Waxman, O. (2012) Texting 1, 2, 3: Schools Test ‘Bring Your Own Technology’ Programs. Time. http://techland.time.com/2012/05/02/texting-1-2-3-schools-test-bring-your-own-technology-programs/ (accessed 23-08-2012)
Advocates of BYOT argue that educators should find uses for the technology that young people already use. Some 77% of (US) teenagers (12-17 years old) have mobile phones, and around 25% have a smartphone. Some 75% o all teens text, 63% say they text every day.
The report describes "Celly", a text messaging service that teachers and students can use to make classwork more engaging. Each school or class can create a group (cell) that users can access via phone, email or internet. It has been used in schoools like a message board or as a voting system.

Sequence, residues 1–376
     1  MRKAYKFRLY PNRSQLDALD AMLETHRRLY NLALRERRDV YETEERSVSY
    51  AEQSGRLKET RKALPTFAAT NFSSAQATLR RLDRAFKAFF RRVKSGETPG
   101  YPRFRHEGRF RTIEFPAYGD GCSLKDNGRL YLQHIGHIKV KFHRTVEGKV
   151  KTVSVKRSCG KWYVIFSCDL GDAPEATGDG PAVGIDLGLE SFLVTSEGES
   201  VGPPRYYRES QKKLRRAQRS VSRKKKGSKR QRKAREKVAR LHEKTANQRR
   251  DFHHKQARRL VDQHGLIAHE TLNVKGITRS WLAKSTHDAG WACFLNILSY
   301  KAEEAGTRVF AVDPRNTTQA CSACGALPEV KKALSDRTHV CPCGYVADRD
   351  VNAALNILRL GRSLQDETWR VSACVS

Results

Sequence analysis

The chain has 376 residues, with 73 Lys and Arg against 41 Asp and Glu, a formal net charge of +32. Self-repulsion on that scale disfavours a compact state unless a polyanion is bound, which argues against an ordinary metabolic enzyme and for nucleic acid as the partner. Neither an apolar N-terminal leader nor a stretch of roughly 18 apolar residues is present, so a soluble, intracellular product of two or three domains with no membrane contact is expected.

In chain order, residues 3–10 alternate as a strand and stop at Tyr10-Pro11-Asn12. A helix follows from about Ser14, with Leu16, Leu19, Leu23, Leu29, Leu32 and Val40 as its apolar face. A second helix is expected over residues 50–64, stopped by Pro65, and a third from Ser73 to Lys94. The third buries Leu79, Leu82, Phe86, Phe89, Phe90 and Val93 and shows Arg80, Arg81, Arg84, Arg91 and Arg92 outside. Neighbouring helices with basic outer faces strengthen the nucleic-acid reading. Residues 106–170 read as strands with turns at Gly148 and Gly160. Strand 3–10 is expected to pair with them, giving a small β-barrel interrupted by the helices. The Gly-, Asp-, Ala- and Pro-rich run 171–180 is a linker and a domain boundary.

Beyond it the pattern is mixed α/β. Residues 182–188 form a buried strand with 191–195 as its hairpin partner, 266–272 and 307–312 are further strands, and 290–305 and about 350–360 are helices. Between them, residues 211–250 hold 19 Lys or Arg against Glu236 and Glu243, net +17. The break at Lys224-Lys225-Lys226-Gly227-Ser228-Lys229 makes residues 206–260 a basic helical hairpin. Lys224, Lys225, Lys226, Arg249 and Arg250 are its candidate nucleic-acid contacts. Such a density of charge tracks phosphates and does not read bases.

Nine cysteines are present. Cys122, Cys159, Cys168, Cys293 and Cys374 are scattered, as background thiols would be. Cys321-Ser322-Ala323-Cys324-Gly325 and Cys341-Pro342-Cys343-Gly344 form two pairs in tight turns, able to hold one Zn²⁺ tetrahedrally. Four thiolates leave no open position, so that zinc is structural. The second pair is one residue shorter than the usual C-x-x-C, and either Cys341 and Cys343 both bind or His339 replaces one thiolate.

Reported benefits of Celly are that shy kids were more active than in class and that there had been fewer cyberbullying complaints.
More broadly reporting on BYOT/BYOD, an example was given of a school that borrowed devices from another school for students that did not have a device of their own.
Reports critics saying that BYOT/BYOD pushes costs to families that should be met by government and that it may exacerbate the digital divide. "What next," says one, "bring your own desk."